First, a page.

Eagle Pipers get back at it with online meetings and virtual steak pies
The Society, whose members are mostly from the Edinburgh area, but which counts dues-paying pipers from all parts of the world, is holding monthly online meetings via Zoom, with an attempt to recreate sessions that are normally held at the Scots Guards Club in Edinburgh’s West End.
According to Honourary President Douglas Gardiner, there will be a group session on practice chanters and probably at least one solo performance.
The Eagles will also hold an online solo competition using a handicapping system similar to golf, designed to enable competitors of all levels to equitably compete against each other.
The Society has always had a high degree of humour, and is working to accentuate the lighter side of the art by having a prominent, as yet unidentified pipe band drummer as the judge of the Slow Air & Jig event via YouTube, which will include a prize for “Worst Video.” The special award replaces the customary presentation for “Best Breakdown.”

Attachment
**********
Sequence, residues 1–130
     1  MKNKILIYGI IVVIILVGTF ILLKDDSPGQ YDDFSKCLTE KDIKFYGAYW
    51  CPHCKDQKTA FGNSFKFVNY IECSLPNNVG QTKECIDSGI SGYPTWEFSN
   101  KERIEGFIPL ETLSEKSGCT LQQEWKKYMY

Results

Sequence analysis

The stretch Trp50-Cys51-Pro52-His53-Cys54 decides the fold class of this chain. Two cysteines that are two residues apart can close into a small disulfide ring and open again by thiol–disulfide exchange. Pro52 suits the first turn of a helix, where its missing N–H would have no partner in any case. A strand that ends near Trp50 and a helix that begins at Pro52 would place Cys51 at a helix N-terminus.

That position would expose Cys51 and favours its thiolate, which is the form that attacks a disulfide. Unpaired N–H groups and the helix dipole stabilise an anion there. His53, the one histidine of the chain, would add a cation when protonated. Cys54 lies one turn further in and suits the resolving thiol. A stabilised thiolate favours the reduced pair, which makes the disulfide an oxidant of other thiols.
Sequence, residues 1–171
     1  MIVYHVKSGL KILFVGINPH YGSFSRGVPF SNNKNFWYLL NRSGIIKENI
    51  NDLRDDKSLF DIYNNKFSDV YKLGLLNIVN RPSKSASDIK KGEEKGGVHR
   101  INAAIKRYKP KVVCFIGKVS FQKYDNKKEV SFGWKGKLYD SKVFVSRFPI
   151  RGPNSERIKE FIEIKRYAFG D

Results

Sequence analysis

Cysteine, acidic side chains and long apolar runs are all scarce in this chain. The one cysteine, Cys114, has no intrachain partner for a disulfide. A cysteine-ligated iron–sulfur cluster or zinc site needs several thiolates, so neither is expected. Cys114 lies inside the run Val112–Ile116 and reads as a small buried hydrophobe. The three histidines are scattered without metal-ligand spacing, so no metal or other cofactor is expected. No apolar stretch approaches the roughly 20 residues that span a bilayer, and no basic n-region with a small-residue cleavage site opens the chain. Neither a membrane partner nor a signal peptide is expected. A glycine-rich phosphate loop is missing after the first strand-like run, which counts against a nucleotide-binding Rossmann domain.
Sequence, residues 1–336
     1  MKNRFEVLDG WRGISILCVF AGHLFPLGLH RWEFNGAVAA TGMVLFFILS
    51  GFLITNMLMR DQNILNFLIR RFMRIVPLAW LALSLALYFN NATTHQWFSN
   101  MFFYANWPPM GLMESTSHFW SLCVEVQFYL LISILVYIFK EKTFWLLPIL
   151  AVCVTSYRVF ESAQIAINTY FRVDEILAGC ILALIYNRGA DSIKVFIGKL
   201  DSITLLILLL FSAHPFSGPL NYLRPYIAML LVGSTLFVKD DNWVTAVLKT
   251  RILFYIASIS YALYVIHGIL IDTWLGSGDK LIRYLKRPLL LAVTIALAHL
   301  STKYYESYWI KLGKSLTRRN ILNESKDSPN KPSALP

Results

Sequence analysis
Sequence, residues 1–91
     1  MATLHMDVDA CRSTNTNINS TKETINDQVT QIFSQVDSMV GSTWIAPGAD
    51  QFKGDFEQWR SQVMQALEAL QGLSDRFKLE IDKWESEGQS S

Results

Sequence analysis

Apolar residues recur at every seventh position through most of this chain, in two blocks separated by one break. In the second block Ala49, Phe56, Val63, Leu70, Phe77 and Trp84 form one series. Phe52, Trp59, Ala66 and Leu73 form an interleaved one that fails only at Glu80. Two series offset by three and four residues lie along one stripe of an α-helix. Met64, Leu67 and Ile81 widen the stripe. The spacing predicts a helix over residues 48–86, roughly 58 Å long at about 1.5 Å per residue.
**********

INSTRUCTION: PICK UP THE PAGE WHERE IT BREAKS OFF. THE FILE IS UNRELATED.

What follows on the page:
In light of the altered format for events, dues for UK residents are being reduced from £30 to £20, and £10 for non-UK members, down from £20.
“We will of course appreciate any member who chooses to pay at the standard rate,” Gardiner said. He added that those attending the meetings “will have to purchase their own steak pies and have the liberty to wear whatever they wish from the waist down.
“I fully appreciate the world of online piping is not complementary to a social society such as ours. However, we need to grasp the nettle and make the best of the hand we have been dealt. One plus side is that we may see more of our distinguished overseas members.”
Those interested in joining, can do so via the Eagle Pipers’ Society website.
The original organization was founded in 1960, taking its name from the organization’s first meeting place, the Eagle Bar (now the Ensign Ewart) near Edinburgh Castle. The society fizzled in the early-1980s, as piping declined in the Edinburgh area, with its last meeting place the West End Hotel at Palmerston Place.
Through the 1970s, the Eagle Pipers held an annual indoor solo competition that proved popular with top players. The society welcomed invited guest recitalists, who were presented with an Eagle Pipers tie and became honourary members. Several of the ties still exist and are seen today as piping status symbols.
The organization was resurrected in 2010, and has met every month throughout the competition off-season until the COVID-19 crisis.
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